Treating Pressure Injuries: Surgery
A large pressure injury is a threat to a patient's health. Without surgical repair, these wounds can take a long time to heal. This can raise the risk for serious complications. If surgical repair of an injury is needed, review the goals of care with the patient.
Surgical flap and skin graft
The goal is to close the injury and provide padding over the bony prominence. Healthy tissue from another part of the body is often used. A muscle flap is one way of repairing the injury, since a flap retains its own blood supply. This allows for more rapid healing. A skin graft can also close the wound. Living or artificial skin may be used.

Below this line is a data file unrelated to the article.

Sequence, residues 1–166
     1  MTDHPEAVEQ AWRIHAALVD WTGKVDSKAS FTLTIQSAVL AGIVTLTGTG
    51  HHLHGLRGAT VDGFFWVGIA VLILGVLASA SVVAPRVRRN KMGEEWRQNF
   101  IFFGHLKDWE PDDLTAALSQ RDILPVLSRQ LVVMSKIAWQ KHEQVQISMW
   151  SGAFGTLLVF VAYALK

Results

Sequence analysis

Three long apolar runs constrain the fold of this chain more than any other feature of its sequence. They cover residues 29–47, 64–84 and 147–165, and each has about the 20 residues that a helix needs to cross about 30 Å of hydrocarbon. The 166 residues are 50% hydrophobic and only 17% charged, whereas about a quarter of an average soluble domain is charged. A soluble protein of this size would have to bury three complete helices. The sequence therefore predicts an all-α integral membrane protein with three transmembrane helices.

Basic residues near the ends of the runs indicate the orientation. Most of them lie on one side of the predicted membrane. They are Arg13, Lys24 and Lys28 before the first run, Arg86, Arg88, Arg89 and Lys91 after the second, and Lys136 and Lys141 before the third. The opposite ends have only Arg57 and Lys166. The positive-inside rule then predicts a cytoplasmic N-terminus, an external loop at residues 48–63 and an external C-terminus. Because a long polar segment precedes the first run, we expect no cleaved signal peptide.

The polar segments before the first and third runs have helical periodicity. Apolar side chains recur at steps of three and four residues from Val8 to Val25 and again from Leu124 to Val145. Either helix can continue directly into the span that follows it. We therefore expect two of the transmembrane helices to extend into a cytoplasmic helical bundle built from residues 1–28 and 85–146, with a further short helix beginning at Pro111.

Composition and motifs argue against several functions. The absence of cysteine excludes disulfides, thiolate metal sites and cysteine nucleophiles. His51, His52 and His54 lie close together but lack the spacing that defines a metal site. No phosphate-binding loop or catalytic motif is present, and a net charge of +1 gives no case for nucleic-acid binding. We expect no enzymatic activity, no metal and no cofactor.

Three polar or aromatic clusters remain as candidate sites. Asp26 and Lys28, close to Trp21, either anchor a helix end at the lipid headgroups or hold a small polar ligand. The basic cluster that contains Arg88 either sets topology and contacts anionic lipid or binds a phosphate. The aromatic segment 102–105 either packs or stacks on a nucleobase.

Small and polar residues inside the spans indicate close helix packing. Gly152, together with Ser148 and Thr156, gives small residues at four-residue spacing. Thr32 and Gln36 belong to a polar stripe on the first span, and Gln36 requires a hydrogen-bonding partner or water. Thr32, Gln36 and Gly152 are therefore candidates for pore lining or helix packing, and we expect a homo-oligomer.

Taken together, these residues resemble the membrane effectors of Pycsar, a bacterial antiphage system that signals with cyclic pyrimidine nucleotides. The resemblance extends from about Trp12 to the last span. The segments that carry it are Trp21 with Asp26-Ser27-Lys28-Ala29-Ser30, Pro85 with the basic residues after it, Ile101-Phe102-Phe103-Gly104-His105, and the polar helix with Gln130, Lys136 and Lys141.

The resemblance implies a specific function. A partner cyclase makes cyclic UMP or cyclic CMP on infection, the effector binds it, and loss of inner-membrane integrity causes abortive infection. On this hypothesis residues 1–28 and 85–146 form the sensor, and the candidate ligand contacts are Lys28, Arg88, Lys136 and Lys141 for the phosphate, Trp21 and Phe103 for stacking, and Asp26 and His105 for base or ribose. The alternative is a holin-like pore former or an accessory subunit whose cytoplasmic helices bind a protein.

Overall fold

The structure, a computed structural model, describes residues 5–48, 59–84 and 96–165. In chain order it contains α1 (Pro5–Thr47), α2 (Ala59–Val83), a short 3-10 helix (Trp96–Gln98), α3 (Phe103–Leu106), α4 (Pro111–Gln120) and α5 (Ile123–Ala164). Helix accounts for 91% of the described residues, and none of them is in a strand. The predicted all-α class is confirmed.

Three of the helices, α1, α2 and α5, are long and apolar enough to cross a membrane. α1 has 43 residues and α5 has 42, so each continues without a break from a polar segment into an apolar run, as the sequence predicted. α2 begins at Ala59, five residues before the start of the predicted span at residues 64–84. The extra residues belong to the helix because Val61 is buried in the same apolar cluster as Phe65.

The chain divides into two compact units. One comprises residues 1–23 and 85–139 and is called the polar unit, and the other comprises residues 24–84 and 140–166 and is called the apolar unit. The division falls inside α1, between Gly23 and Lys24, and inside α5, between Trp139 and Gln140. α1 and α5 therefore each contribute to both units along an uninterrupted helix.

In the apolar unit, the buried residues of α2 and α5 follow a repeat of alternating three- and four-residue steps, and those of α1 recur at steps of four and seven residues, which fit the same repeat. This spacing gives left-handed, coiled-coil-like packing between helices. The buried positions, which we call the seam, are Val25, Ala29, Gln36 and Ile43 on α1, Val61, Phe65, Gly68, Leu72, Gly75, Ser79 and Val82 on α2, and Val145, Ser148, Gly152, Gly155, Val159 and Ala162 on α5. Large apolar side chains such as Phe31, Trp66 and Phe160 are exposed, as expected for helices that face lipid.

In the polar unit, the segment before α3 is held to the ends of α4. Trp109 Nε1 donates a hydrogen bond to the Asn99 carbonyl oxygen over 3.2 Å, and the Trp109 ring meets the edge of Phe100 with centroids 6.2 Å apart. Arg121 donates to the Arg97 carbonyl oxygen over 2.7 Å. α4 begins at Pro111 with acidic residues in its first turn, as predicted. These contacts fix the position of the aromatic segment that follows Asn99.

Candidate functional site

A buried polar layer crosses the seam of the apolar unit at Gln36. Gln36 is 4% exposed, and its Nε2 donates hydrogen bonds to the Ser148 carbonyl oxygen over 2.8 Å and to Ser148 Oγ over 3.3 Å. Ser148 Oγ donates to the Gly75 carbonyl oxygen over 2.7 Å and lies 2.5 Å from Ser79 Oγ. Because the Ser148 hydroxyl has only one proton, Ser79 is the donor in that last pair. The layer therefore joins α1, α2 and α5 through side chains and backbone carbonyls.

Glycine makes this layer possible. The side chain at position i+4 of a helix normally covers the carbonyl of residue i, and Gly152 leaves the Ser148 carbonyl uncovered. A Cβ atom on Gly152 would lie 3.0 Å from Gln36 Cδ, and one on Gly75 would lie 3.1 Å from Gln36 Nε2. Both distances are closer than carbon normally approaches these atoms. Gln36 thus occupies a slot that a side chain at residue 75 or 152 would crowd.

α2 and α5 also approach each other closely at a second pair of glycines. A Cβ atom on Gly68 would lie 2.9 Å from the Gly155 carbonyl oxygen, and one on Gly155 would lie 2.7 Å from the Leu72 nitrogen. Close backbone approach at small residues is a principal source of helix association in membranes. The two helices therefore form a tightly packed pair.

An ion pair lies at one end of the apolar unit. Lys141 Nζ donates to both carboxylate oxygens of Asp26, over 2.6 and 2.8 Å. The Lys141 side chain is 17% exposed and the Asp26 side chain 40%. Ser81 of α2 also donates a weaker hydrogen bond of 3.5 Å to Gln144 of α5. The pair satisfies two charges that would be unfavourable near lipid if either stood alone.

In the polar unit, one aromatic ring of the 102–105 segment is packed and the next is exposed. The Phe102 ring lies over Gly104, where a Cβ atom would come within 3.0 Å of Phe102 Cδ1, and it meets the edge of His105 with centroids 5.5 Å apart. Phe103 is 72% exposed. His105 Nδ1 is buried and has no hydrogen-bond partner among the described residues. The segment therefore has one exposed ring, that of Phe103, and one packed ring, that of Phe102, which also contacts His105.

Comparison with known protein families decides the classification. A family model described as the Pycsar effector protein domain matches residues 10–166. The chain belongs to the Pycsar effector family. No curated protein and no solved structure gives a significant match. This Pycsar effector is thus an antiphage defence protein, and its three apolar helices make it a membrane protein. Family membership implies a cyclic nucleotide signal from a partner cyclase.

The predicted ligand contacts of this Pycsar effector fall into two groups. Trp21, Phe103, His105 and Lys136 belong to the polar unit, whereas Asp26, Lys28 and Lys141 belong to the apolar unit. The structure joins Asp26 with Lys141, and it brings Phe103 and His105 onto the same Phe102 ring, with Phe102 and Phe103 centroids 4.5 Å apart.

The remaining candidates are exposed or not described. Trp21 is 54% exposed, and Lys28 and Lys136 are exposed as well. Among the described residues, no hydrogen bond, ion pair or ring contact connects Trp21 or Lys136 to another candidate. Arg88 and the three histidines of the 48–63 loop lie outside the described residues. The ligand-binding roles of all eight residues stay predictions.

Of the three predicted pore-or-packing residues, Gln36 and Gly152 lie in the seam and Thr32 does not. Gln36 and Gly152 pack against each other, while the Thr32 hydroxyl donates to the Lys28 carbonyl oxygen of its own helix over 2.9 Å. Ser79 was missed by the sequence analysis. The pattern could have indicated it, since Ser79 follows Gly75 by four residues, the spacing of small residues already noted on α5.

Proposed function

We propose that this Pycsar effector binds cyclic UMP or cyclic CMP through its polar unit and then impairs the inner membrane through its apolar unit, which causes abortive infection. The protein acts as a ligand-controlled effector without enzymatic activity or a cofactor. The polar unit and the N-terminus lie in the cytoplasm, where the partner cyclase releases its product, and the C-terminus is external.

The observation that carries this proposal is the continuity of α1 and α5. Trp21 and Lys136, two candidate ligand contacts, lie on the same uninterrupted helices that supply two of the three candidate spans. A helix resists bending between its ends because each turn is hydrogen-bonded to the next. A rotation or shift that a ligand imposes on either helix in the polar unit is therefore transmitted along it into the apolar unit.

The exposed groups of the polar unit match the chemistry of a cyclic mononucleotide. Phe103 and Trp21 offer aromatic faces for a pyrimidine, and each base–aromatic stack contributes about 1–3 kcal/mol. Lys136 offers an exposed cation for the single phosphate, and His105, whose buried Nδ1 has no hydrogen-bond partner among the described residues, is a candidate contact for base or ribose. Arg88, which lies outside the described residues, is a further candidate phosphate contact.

The patient should take these precautions after a surgical procedure:
Keep pressure off the affected area.
Keep the sutures clean.
Ensure wound drains stay open.
Watch for signs of infection and hematomas.
Watch for signs of impaired healing, such as a change in wound color or abnormal drainage.
Adherence to these precautions has been shown to be the best predictor of wound healing.
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